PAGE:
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Cancelling extra cloud storage capacity I don’t need? $20 a year.
Ending an annual payment of $20 to Google? Priceless.
But Mrs. McG sent me this:
Her current phone is already several years old. I wonder if I’ll finally be able to talk her into migrating to Android?
From the time the prehistoric existence of Homo neanderthalensis was detected, it’s been a standard trope to call someone with allegedly primitive habits of thought, a Neanderthal.
But in recent years it’s been discovered that Neanderthal Man didn’t simply die off; his DNA now exists in wide swaths of modern humanity. Essentially, anyone with ancestry from any part of the world outside of Africa is now presumed to have a small but significant amount of Neanderthal DNA.
The inventors of agriculture? Part Neanderthal. Builders of the first civilizations? Part Neanderthal. Developers of the world’s great philosophical schools? Part Neanderthal.
The great cities of today — centers of economic, social and cultural progress — are brimming with descendants of that handful of cavemen who got to Europe and Asia millennia before Homo sapiens made it.
If there’s any part of the human race that can genuinely claim to be of pure blood, it’s the Africans.
Something for the white nationalists to contemplate.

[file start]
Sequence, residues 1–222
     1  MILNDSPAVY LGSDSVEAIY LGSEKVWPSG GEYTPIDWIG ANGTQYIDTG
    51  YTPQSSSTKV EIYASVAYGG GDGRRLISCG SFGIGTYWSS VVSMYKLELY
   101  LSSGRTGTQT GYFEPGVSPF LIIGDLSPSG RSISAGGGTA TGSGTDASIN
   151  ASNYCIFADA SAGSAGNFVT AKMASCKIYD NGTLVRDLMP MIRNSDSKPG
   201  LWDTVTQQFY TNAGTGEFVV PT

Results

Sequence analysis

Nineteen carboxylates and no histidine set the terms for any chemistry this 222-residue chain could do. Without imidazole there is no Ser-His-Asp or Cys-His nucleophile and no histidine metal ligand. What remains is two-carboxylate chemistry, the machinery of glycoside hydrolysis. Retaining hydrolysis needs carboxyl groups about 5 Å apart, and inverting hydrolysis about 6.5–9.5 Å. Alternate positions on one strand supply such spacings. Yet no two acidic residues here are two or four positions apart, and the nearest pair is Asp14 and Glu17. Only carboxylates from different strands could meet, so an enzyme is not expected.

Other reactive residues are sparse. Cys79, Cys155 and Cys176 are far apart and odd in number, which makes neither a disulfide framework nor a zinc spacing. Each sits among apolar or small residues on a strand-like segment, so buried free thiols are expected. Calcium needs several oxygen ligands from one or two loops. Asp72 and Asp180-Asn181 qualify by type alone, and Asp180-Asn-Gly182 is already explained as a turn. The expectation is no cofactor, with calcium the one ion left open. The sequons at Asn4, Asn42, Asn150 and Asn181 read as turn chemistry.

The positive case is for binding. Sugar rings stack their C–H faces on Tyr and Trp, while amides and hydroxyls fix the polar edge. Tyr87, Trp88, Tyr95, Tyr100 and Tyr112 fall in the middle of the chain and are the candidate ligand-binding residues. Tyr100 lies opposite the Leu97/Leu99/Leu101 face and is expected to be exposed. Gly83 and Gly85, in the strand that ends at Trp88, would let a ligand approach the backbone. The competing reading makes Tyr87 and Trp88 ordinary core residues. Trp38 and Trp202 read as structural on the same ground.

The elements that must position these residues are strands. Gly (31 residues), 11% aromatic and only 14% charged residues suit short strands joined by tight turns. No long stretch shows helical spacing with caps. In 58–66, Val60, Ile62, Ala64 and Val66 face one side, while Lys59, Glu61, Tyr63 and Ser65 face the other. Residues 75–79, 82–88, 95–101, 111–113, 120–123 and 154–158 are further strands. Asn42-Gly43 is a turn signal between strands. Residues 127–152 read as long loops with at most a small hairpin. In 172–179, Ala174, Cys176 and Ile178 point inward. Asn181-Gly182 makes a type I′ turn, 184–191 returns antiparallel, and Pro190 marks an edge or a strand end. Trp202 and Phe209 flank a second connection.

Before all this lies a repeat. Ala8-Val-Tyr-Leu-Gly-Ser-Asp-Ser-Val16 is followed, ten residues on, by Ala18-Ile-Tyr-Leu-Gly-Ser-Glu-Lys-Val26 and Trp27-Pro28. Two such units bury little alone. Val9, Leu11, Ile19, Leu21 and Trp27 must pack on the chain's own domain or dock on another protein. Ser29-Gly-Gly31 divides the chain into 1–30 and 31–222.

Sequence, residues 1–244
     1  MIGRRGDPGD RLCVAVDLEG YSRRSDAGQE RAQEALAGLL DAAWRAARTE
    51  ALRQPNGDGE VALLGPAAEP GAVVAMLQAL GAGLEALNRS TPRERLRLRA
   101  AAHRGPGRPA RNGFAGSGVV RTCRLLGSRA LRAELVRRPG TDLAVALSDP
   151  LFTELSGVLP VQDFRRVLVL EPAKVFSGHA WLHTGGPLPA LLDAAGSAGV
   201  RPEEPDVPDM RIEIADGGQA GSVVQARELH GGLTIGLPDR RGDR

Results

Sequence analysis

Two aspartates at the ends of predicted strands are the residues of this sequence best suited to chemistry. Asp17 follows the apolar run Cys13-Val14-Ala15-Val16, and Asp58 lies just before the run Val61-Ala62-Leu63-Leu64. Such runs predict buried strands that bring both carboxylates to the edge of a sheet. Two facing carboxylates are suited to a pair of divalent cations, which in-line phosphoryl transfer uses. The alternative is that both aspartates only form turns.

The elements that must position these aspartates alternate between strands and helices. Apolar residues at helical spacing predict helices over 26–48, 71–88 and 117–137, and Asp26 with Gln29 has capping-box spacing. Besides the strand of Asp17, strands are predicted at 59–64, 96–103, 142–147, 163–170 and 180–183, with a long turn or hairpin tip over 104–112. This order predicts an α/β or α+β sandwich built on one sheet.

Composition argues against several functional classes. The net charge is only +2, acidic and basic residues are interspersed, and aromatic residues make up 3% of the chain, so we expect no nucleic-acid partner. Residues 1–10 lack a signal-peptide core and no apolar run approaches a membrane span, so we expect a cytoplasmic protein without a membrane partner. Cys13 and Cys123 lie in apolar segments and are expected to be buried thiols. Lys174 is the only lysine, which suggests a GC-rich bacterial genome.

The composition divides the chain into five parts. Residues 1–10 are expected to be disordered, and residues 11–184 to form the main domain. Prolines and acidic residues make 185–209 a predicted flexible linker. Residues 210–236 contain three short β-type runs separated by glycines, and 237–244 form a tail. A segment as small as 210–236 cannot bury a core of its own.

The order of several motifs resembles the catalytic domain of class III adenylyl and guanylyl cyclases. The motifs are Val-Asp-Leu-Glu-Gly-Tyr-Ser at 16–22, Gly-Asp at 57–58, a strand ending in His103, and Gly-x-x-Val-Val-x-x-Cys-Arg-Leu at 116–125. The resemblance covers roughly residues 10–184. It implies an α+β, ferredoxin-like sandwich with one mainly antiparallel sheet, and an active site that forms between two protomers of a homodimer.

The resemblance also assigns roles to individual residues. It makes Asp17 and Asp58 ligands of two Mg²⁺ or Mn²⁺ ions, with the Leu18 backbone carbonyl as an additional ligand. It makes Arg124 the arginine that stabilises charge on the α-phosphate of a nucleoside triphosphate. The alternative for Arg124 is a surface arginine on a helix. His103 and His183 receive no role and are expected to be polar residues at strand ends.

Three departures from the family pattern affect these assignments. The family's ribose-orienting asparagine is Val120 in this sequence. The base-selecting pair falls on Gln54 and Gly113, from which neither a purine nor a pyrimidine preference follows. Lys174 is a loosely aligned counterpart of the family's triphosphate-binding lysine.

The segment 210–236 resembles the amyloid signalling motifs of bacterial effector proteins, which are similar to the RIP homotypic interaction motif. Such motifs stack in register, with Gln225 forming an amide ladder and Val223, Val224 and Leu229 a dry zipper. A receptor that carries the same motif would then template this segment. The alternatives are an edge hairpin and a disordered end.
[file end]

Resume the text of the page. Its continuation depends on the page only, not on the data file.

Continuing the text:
Seems I always get a little crabby in the fifth month of summer.
Solitaire is not a social game. If I open a Solitaire game I don’t need to log in. All I want to do is play the game.
I deleted your stupid Solitaire game because instead of letting me play it started doing something with “save data” in “the cloud.”
Why the hell do I need to save missile-firing Solitaire games in the missile-firing CLOUD???
…that would have been on it.
A while back I referred to “the dark spot where the sun was just a minute ago” — I had no idea how exactly right that would be.
The sky was only as dark as, say, half an hour after sunset, but inside the halo of the sun’s corona the moon was, or at least looked, totally black.
Before totality, I had been watching a patch of cloud to our west, figuring the shadow would fall on it first.
Meanwhile, Copperhill’s street lights started coming on. Then, I looked west again and saw that the clear sky beyond the clouds was bright while the clouds themselves … weren’t.
And darkness fell.
Later, as the edge of the sun began to emerge, there was finally the famous shimmer on the ground that I’d been too distracted to notice before, so subtle that I didn’t see it so much as detect it, slightly away from where I was looking directly. I’ve read that it’s too faint to ever be photographed, and I believe it.*
Did birds fall silent or critters take to their dens? Copperhill may be a small town, but it was busy and noisy yesterday afternoon.
Mrs. McG made the arrangements for that experience, and I am glad she did.
Assorted Afterthoughts, Addenda, and Additional Apocrypha: Yesterday, as described by fellow eclipse-watcher Richard: “Mostly sunny, except when it was partly moony.”
A Wyoming time-lapse, apparently facing eastward.
Copperhill, Tennessee, and its counterpart McCaysville, Georgia, would seem to be one town if you didn’t know there was a state line running through it, across the supermarket parking lot, and through some of the downtown buildings. Mrs. McG and I, and her father, had time for lunch between our arrival and the day’s big event, so we went to the Copper Grill, whose bar and dining room (and shaded sidewalk dining area, where we sat) are in Copperhill, but whose kitchen is in McCaysville.